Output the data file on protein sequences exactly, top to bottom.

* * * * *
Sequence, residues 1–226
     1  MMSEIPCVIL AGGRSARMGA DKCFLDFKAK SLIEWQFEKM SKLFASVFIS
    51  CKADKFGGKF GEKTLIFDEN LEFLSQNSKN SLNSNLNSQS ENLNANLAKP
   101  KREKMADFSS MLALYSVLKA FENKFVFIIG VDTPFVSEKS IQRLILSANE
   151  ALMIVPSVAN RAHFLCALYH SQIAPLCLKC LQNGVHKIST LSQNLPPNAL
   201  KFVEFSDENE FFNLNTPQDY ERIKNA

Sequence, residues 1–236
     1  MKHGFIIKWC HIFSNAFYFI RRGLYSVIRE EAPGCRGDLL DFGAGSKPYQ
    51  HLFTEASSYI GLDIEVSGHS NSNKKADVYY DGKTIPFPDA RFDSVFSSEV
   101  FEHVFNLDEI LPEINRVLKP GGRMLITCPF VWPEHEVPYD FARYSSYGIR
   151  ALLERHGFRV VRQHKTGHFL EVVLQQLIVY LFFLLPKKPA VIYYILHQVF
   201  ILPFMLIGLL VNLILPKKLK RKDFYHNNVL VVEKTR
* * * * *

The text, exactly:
Sequence, residues 1–226
     1  MMSEIPCVIL AGGRSARMGA DKCFLDFKAK SLIEWQFEKM SKLFASVFIS
    51  CKADKFGGKF GEKTLIFDEN LEFLSQNSKN SLNSNLNSQS ENLNANLAKP
   101  KREKMADFSS MLALYSVLKA FENKFVFIIG VDTPFVSEKS IQRLILSANE
   151  ALMIVPSVAN RAHFLCALYH SQIAPLCLKC LQNGVHKIST LSQNLPPNAL
   201  KFVEFSDENE FFNLNTPQDY ERIKNA

Sequence, residues 1–236
     1  MKHGFIIKWC HIFSNAFYFI RRGLYSVIRE EAPGCRGDLL DFGAGSKPYQ
    51  HLFTEASSYI GLDIEVSGHS NSNKKADVYY DGKTIPFPDA RFDSVFSSEV
   101  FEHVFNLDEI LPEINRVLKP GGRMLITCPF VWPEHEVPYD FARYSSYGIR
   151  ALLERHGFRV VRQHKTGHFL EVVLQQLIVY LFFLLPKKPA VIYYILHQVF
   201  ILPFMLIGLL VNLILPKKLK RKDFYHNNVL VVEKTR